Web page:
Scope of the Arizona Nonprofit Sector

Giving in Arizona

charitable contributions and average household contributionThe charitable giving of individuals fuels the nonprofit sector. In 2010, 77.3 percent of households made charitable contributions of an average of $1,609 per household.

Note: these totals do not include gifts to Arizona nonprofit organizations from institutions and individuals outside of the state.

Motivations for giving in Arizona

The table below shows that an organization's ability to achieve social impact has become an important motivator for individual giving: "belief that giving can bring about a desired impact," was cited as the number one reason for charitable giving in 2010. This highlights the importance of measuring and demonstrating impact, a strong trend in the nonprofit sector.

Why did they give? Major motivation (%)
Belief that giving can help achieve change or bring about a desired impact 54.00
Identification with a certain cause 51.00
Feeling that those who have more should help those with less 49.30
Helping individuals meet their material needs 44.20
Religious beliefs 43.50
Belief that charities can provide public services better than government or private businesses can 33.20
Tax benefits 18.40
Being asked by a friend or associate 14.60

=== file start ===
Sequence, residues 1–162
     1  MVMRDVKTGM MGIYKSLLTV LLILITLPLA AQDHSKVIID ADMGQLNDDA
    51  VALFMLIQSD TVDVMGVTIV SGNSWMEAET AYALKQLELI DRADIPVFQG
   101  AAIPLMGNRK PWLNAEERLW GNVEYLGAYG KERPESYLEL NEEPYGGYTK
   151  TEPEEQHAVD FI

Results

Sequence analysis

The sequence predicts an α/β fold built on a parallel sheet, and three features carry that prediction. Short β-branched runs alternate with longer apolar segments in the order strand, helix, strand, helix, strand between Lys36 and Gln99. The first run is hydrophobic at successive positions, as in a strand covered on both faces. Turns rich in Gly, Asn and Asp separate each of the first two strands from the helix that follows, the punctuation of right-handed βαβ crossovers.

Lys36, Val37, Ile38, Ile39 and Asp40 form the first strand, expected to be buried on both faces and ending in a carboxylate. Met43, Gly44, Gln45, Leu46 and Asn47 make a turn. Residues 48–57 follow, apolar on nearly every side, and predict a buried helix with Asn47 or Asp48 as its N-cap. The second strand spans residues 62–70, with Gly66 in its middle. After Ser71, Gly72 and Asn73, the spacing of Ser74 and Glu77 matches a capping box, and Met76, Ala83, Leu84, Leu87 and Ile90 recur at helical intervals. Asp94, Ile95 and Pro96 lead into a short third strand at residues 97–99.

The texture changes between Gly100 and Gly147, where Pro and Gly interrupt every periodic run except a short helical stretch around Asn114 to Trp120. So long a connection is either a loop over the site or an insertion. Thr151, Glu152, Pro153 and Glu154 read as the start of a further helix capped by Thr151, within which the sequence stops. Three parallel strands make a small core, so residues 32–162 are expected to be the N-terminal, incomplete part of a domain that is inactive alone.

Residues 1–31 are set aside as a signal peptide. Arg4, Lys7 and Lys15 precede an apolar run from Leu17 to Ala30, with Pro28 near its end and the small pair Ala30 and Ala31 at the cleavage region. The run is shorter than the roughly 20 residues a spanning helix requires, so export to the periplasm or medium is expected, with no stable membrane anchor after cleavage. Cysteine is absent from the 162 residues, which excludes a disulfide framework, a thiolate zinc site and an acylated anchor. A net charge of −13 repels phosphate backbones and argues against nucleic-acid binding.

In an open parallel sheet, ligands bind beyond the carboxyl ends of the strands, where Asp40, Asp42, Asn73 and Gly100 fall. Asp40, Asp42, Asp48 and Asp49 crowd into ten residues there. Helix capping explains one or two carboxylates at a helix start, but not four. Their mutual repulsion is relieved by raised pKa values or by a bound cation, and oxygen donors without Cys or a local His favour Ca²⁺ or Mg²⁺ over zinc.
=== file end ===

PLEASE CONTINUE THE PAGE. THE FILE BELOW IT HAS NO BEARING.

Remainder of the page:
Being asked by your employer 2.90

Source: Volunteering & Giving in Arizona

Trust and transparency are critical to maintaining donors and volunteers, for a single organization and for the collective good of the entire nonprofit sector. As it can be seen on the chart below, nearly half of donors cited the “organization misled the public about its operations” as the reason they chose to stop their charitable contributions.

A wide range of causes benefit from the generosity of Arizonans. Religion tops the list, but households also frequently give to education, basic needs, youth, and health causes.

To read about volunteering in Arizona refer to our section Volunteering.

Motivations to stop giving in Arizona

As it can be seen on the table below, the leading reason why people decided to stop giving was “I didn’t feel connected to the organization anymore.” The second leading reason was “I stopped involvement with the organization.”

Our Arizona Giving and Volunteering study finds that volunteers are more likely to give, and they give more.

Why did they stop giving? % who agree
I didn't feel connected to the organization anymore 64.4
I stopped involvement with the organization 58.2
My personal finances did not permit it 52.8
Organization misled the public about its operations 46.7
Organization did not keep accurate records about me or my donation 21.8
I moved out of the area 15.7
Organization did not recognize or acknowledge my contribution 14.6
Other reasons 44.9


Source: Volunteering & Giving in Arizona